The dogs bark, but the caravan has moved on
IT’S THE first day of the school holidays and a pall of black smoke hangs over the fields as the amateur arsonists get to work on the newly-built haystacks.
Inside the house, I am shouting at the wireless. You see, I listen to The Archers Omnibus on a Sunday morning. It’s a simple pleasure, and one which keeps me away from the Chardonnay bottle until at least 11.15am.
But some idiot at Radio 4 (and there must be plenty to go at) has decided that what this mainstay of British broadcasting really needs is some of those television-type trailers which reveal upcoming storylines. Hence, six full days before I’ll actually listen to it, I already know that the runaway Ed Archer, whose disappearance has sustained the plot for many weeks, has turned up in Borchester General Hospital.
This simply isn’t good enough. At the time of writing, I still don’t know who’s won the Ambridge Vegetable Olympics, and I won’t until about 10.15 on Sunday morning. Now that keen anticipation has been ruined, leapfrogged even, by the actions of a thoughtless minion at Broadcasting House. I would write to my MP if he hadn’t just started his 78-day holiday.
SPEAKING OF which, if you’re driving towards the Channel ports next week and you find yourself held up by a 23ft Bailey Pageant Champagne caravan driven by an 80-year-old man wearing a Che Guevara T-shirt and a Russian fur hat, be warned.
Do what you usually do and overtake on a blind bend while hurling abuse and empty Red Bull cans at the vehicle and you could find yourself looking down the barrel of a Heckler and Koch MP5 machine gun. Because Margaret Beckett is going on holiday and she’s taking the Special Branch with her.
I don’t think I’ve ever heard of a dafter story. While the world burns, the Foreign Secretary and her resolutely Old Labour husband Leo are refusing to forego their traditional holiday and are heading off on a caravan tour of France. Given the current political tensions, I think we have to agree that Mrs Beckett may well be a terrorist target. We also then have to agree that she requires some degree of protection.
This means the ludicrous situation whereby at least four armed spooks will have to go with her, presumably tagging along in a caravan of their own. With gun turrets on the roof and those special wheels with spikes on that James Bond had on his car.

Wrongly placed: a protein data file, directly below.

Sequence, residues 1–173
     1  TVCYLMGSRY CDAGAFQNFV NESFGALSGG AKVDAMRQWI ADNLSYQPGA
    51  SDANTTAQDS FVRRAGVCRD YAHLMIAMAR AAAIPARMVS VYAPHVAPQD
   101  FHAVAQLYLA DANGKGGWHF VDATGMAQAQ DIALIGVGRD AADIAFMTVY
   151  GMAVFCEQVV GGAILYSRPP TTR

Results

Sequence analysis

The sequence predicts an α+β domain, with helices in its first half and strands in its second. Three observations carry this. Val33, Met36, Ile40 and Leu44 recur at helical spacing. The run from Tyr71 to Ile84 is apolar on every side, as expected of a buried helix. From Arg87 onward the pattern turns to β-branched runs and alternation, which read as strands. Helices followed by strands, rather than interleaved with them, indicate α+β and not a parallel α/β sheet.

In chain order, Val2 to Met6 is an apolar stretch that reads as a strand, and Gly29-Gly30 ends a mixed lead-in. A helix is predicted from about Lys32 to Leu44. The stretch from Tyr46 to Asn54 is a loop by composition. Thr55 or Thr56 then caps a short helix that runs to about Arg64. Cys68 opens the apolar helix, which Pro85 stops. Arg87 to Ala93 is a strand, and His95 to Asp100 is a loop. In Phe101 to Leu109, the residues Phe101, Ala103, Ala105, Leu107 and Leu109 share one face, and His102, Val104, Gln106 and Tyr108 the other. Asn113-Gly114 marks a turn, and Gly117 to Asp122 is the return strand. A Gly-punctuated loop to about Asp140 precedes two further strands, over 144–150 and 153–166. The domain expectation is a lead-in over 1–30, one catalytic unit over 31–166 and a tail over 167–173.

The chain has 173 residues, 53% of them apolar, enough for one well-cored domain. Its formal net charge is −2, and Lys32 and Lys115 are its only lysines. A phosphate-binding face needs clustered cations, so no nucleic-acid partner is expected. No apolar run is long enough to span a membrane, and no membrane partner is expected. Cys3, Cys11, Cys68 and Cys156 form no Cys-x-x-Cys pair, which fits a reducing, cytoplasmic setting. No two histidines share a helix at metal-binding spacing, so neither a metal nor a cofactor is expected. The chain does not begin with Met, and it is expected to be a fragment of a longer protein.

And that’s just what you need when you’re staggering bleary-eyed across a damp field alongside the N10 on the way to your morning ablutions – a man in a black balaclava laying trip wires across the entrance to the toilet block.
TWO VALLEYS away from my palatial estate is a windfarm. Well, not so much a windfarm as a single wind turbine. It is often turned off because the wind is too strong (no, really), and when it is operating it emits a high-pitched whine, much like the weird-bearded, sacking-clad lentil-eaters who campaigned for its erection.
As with many things environmental, it’s a complete charade. Stuck on a hillside towering over a pretty little village, it doesn’t actually produce enough electricity to power the light in my fridge, but it serves to assuage the middle class Lefty consciences of the kind of people who can afford to live there. It’s gesture politics of the worst possible kind.
Which brings me to Richard Chartres, the Bishop of London, who waited until the start of the school holidays to blithely announce that “flying abroad for a foreign holiday is a sin against the planet”.
The Bish refers, of course, to the damage caused to the environment by the massive increase in cheap flights. Now I’m not an expert in ecumenical events, but isn’t this the same bloke who accepted a freebie cruise around the Med last Easter? When, presumably, he flew there and back?
So where does blatant hypocrisy come on the tariff of mortal sins then?
NOW THIS may seem a little harsh, but why is every pilot who crashes their plane – often fatally - automatically accorded hero status?
“He steered it away from the primary school”, goes the mantra. “Without his bravery, hundreds could have died.”
Well, to a point. Have you ever been up in a light aircraft? Or a balloon? Look down and you will see green fields – hundreds and hundreds of square miles of them. In fact, spotting a primary school amid this green and pleasant landscape and then successfully crashing a plane into it would be a feat of flying prowess worthy of a space shuttle pilot.
Still, I suppose it gives them something to talk about at the funeral.
I’M NOT sure that Vauxhall have got their advertising strategy right when it comes their latest ubiquitous television commercial.
What are they saying? Buy a Zafira and your kids will grow up fat and Northern? Unless you want your child to carve out a career touring working men’s clubs telling jokes, is that really a good selling point? Oh, and suicide bombers will move in next door and scatter broken china on your lawn ...
O The views of Mr Beelzebub are purely personal and do not necessarily reflect the opinions of the Editor or staff of this website, of anyone moaning that their runner beans haven't set, of anyone bothering to water the lawn with bath water when Mr Blah's gardener has been caught red-handed with a hosepipe, or of anyone who rushed out and bought an air conditioning unit in the mistaken belief that this is the Ballearics, not Britain.